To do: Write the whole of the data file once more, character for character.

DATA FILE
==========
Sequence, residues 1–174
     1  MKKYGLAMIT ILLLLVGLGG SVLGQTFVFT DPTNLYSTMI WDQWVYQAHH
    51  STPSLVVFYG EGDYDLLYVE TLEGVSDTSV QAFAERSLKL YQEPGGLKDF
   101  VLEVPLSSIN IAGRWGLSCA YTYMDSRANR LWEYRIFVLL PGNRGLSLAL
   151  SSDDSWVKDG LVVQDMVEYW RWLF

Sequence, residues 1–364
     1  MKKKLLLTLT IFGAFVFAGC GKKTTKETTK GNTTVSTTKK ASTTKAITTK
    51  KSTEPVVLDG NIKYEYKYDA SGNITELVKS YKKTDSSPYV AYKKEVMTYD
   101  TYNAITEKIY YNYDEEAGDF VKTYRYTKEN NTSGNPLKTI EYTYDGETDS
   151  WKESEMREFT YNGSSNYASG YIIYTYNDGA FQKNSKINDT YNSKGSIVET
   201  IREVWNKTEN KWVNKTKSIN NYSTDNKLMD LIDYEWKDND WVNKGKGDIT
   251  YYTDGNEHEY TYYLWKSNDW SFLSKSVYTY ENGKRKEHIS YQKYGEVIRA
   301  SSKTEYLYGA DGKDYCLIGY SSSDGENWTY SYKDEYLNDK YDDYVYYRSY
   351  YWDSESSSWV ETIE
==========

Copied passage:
Sequence, residues 1–174
     1  MKKYGLAMIT ILLLLVGLGG SVLGQTFVFT DPTNLYSTMI WDQWVYQAHH
    51  STPSLVVFYG EGDYDLLYVE TLEGVSDTSV QAFAERSLKL YQEPGGLKDF
   101  VLEVPLSSIN IAGRWGLSCA YTYMDSRANR LWEYRIFVLL PGNRGLSLAL
   151  SSDDSWVKDG LVVQDMVEYW RWLF

Sequence, residues 1–364
     1  MKKKLLLTLT IFGAFVFAGC GKKTTKETTK GNTTVSTTKK ASTTKAITTK
    51  KSTEPVVLDG NIKYEYKYDA SGNITELVKS YKKTDSSPYV AYKKEVMTYD
   101  TYNAITEKIY YNYDEEAGDF VKTYRYTKEN NTSGNPLKTI EYTYDGETDS
   151  WKESEMREFT YNGSSNYASG YIIYTYNDGA FQKNSKINDT YNSKGSIVET
   201  IREVWNKTEN KWVNKTKSIN NYSTDNKLMD LIDYEWKDND WVNKGKGDIT
   251  YYTDGNEHEY TYYLWKSNDW SFLSKSVYTY ENGKRKEHIS YQKYGEVIRA
   301  SSKTEYLYGA DGKDYCLIGY SSSDGENWTY SYKDEYLNDK YDDYVYYRSY
   351  YWDSESSSWV ETIE